German Prosecutors Hire Local Bank to ‘Clean’ Seized Crypto Worth $113 Million – Featured Bitcoin News

German prosecutors have hired a bank to “clean” cryptocurrency seized in criminal cases. “As the cryptocurrencies are related to crime, they are considered ‘contaminated coins’ and cannot be traded on mainstream exchanges,” the bank said.

A Bank is Hired to Clear Cryptocurrency in Criminal Cases

The anti-cybercrime unit of the Frankfurt General Prosecutor in the German state of Hesse has reportedly hired Bankhaus Scheich Wertpapierspezialist AG to “clean” cryptocurrencies worth about 100 million euros ($113 million), Bloomberg reported Wednesday. Three drug dealers were involved in the criminal case that led to the seizure of these coins.

The bank stated that the seized cryptocurrency will be returned to normal circulation once it has been cleaned.

As the cryptocurrencies are related to crime, they are considered ‘contaminated coins’ and cannot be traded on mainstream exchanges.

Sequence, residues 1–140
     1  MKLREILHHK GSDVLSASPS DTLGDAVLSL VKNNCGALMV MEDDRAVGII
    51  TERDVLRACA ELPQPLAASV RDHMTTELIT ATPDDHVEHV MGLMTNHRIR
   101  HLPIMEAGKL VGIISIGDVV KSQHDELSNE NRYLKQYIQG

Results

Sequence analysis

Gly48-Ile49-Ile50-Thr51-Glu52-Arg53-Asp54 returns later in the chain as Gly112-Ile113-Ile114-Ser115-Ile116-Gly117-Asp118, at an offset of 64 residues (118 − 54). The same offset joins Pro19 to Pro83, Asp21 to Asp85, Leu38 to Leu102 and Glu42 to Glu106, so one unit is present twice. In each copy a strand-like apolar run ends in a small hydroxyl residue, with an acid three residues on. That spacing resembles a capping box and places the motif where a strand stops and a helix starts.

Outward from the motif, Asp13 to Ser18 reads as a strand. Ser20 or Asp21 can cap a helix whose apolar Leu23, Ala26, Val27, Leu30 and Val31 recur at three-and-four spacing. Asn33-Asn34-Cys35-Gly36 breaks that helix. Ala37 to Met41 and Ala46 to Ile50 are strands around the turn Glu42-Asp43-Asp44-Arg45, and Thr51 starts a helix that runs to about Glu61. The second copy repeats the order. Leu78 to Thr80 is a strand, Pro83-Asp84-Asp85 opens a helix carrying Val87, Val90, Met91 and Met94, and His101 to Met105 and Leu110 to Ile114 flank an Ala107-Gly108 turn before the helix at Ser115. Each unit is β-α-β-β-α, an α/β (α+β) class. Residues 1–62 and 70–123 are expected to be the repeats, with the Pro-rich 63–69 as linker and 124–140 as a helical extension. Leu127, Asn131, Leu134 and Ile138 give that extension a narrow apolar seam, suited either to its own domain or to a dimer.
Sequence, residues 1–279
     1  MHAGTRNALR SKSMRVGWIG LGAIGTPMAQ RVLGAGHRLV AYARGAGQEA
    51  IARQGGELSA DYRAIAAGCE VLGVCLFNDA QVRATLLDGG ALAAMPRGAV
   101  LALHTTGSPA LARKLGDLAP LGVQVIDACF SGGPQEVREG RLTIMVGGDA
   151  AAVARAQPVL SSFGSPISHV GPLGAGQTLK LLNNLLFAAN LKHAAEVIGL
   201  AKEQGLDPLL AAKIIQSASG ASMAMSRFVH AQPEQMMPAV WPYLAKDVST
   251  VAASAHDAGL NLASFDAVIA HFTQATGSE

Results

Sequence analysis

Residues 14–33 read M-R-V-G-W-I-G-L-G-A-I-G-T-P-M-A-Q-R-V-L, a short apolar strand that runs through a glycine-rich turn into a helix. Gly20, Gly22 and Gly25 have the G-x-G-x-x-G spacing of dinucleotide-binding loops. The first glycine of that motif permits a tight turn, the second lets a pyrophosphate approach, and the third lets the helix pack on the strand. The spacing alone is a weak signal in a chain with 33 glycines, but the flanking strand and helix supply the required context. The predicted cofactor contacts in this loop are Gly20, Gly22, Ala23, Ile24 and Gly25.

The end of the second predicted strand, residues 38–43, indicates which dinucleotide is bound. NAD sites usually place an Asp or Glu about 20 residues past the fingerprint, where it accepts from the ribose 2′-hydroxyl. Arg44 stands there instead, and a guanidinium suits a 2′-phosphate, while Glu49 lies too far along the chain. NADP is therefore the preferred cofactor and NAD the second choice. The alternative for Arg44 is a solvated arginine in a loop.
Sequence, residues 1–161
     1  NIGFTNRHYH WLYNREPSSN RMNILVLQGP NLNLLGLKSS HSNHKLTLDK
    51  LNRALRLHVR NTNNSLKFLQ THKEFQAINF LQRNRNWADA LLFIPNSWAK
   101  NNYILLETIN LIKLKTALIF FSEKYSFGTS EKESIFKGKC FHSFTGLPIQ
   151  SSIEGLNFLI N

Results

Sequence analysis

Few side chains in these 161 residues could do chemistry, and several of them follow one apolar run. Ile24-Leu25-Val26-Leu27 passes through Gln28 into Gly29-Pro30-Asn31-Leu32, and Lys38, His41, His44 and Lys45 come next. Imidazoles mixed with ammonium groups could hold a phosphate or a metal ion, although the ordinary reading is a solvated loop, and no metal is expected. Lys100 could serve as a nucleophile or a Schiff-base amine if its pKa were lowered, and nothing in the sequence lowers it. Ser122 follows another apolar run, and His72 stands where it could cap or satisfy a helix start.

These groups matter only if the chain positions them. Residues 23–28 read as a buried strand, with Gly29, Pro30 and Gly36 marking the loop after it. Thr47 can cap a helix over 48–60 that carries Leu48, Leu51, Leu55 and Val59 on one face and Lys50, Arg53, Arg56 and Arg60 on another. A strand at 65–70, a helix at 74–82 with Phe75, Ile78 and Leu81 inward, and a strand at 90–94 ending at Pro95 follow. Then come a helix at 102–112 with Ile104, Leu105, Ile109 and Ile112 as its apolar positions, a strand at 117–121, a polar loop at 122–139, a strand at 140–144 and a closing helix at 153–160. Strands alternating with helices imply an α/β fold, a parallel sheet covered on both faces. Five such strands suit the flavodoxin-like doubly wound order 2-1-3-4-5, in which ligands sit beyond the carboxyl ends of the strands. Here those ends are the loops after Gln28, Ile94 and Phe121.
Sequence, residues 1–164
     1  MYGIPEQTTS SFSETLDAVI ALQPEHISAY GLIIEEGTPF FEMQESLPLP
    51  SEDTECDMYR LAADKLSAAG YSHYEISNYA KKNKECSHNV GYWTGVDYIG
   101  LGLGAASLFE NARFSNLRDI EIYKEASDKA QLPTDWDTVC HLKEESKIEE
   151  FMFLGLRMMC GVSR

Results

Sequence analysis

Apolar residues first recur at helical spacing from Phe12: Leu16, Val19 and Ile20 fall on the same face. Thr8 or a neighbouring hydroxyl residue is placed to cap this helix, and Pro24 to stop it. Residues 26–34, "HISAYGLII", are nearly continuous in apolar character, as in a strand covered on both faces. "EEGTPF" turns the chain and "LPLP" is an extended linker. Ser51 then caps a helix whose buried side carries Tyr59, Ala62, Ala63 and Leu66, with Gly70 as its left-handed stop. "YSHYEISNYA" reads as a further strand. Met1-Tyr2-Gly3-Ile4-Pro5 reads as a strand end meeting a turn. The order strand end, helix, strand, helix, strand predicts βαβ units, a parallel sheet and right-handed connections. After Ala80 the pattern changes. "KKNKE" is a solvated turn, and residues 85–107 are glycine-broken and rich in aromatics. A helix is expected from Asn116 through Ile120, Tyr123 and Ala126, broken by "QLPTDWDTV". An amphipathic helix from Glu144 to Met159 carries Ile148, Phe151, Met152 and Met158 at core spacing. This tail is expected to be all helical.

The cleaning process established by Bankhaus Scheich “ensures that trading partners are informed that the currencies are back in legal possession and have been declared ‘clean,’ allowing them to be sold,” the publication conveyed. However, Bankhaus Scheich did not give any details about the procedure.

Bankhaus Scheich reported that the seized cryptocurrency had been sold within a week. These funds will now go to the budget of the state government.

Both the bank and the prosecutors said that they would cooperate with each other in any future criminal investigations to return the cryptocurrency confiscated back to the market.

Many people found this move interesting on social media. Podcaster Joe Weisenthal, for example, tweeted:

It’s interesting that governments are in the service of, essentially, reverse laundering crypto. They take tainted crypto (that was seized in criminal cases, and as such isn’t traded on exchanges) and then wash it so that it can trade freely again on the market.

What do you think about the German government hiring a bank to “clean” seized cryptocurrencies? Please comment below.

Kevin Helms

Kevin is a graduate of Austrian Economics. He discovered Bitcoin in 2011, and has been an advocate ever since. He is interested in Bitcoin security and open-source software, network effects, and the intersection of cryptography and economics.

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